A radical overhaul of employment tribunal procedures is required as HR professionals contend with a rising tide of claims from disgruntled employees.
The warning comes from the Employment Lawyers Association (ELA), which conducted research among its 5,500 members to gain a grass-roots view of what is happening.
There has been a massive hike in the number of claims accepted by employment tribunals in the past year. The 56% rise reported by the Tribunals Service for 2009-10 is the highest-ever level, involving 236,100 claims, up from 151,000 the previous year.
The soaring claims rate provides the backdrop to mounting concern among employment lawyers throughout the UK about the consistency of the approach, efficiency and quality of tribunal services. Problems cited include: short notice of postponement of substantive hearings; delays in listing case management discussions and pre-hearing reviews; and cases going part-heard because of lack of available time.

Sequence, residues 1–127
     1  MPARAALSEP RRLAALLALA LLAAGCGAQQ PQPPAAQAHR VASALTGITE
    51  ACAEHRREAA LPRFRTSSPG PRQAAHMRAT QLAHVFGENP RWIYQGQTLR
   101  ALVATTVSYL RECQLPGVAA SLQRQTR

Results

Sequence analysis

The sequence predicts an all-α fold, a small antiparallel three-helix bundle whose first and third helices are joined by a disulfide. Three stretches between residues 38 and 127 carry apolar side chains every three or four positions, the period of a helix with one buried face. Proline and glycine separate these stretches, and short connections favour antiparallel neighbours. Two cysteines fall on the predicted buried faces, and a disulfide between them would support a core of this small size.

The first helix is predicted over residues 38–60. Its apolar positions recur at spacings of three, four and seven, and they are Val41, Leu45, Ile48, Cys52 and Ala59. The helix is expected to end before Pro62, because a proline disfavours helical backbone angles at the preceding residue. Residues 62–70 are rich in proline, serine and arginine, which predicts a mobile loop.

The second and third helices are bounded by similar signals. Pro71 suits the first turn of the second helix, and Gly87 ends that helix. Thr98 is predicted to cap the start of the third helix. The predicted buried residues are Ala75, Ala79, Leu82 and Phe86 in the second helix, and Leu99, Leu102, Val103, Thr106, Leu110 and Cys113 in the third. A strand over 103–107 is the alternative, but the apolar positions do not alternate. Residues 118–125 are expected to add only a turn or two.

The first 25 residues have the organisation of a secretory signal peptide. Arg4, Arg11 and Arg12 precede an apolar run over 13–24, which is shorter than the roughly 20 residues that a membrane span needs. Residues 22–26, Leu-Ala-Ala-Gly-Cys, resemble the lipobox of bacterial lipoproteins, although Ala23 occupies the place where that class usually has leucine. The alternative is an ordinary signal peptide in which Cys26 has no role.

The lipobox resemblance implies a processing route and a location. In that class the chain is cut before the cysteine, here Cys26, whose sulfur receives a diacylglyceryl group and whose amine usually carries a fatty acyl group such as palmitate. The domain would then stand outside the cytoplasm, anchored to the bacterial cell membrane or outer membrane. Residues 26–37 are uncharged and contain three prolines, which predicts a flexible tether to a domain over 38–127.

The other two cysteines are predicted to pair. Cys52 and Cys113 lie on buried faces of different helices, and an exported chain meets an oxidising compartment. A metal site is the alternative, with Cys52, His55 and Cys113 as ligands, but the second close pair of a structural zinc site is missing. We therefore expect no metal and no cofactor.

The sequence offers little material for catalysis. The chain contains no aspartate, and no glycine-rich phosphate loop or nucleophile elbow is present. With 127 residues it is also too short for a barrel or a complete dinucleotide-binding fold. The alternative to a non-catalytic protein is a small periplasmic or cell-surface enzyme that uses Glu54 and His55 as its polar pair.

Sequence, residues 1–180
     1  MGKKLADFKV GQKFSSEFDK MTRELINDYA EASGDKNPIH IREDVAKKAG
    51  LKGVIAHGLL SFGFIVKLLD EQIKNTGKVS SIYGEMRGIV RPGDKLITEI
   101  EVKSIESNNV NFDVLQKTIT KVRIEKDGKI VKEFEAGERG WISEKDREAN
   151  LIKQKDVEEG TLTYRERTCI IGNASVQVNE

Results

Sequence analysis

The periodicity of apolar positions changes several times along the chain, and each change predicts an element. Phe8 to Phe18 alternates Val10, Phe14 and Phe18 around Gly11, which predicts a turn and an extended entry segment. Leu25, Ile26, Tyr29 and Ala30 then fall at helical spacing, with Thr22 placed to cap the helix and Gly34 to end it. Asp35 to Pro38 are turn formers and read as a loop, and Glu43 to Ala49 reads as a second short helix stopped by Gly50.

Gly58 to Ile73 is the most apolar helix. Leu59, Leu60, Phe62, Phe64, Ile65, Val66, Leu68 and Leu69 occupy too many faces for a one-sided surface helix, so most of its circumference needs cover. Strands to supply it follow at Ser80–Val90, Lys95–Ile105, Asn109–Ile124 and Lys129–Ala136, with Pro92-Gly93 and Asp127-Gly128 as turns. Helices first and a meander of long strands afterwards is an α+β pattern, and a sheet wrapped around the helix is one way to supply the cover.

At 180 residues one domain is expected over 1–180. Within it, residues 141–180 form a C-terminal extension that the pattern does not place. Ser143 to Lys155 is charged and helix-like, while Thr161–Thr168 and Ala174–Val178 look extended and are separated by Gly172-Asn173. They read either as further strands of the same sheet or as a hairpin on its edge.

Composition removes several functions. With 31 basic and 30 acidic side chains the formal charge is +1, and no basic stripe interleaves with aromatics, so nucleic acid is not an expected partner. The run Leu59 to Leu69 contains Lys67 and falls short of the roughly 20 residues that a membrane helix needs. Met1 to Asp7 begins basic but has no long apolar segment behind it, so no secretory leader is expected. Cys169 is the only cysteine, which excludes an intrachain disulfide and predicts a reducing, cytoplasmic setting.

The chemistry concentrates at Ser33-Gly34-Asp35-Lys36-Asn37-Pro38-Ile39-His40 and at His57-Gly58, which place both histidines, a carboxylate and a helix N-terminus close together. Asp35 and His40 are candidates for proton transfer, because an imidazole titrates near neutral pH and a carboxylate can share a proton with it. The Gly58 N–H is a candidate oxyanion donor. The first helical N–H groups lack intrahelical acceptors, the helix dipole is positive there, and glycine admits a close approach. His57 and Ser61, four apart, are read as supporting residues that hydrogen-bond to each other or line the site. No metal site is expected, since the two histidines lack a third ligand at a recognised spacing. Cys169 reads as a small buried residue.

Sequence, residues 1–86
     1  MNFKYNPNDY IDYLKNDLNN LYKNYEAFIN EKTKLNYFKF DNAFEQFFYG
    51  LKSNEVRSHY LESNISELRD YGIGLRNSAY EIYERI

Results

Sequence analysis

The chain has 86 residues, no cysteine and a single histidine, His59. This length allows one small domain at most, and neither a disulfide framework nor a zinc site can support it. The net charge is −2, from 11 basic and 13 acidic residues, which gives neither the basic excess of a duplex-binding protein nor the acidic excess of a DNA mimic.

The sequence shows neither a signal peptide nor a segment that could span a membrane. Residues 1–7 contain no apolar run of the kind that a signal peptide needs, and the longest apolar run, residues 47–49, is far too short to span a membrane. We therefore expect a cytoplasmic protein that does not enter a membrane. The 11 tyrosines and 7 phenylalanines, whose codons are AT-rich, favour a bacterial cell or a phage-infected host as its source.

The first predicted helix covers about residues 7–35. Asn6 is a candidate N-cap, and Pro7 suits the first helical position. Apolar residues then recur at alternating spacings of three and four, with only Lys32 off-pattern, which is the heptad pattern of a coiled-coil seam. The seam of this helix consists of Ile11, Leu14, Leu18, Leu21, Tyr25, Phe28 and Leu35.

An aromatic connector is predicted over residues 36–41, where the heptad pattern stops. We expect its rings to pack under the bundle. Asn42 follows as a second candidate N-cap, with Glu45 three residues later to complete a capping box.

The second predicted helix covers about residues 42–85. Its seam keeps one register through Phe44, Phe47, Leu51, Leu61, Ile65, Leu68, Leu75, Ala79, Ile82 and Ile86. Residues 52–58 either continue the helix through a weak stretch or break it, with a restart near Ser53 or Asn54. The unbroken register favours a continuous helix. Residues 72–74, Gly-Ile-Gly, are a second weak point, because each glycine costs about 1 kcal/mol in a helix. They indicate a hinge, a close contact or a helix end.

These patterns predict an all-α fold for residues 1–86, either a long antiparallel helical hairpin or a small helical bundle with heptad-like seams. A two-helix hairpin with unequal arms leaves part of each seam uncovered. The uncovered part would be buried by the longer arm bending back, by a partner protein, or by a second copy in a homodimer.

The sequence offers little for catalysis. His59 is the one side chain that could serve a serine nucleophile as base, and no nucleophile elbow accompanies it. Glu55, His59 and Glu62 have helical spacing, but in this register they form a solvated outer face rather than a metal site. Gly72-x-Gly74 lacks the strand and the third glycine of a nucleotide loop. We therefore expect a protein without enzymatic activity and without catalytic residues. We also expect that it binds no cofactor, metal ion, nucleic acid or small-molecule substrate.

More than half (56%) of respondents had experienced a decline in service received from tribunals. Eight in 10 believed the approach taken by tribunals around the country was not consistent; the same number believe a lack of resources lay behind the problem.
Three-quarters favoured the creation of specialist courts to deal with equal pay claims – which has led to the service creaking under pressure as it struggles to deal with the huge number of claims.
Other changes suggested by ELA members include:
- judges sitting alone on straightforward cases, such as unfair dismissals, to ease overall pressure on the system;
- having an agreed timetable and process for exchange of witness statements; and
- more use of email communication from tribunals to cut down on phone calls and post.
ELA chair Joanne Owers said: “The dramatic escalation in claims has put employment tribunals and the Tribunals Service under considerable pressure. It is understandable that cracks are appearing in the system.
“In addition to highlighting the problem areas commonly encountered by users, ELA members have indicated very strong support for practical changes and improvements, which they believe will complement the work being carried out to improve the service and deliver significant benefit to the employees and employers who use it.”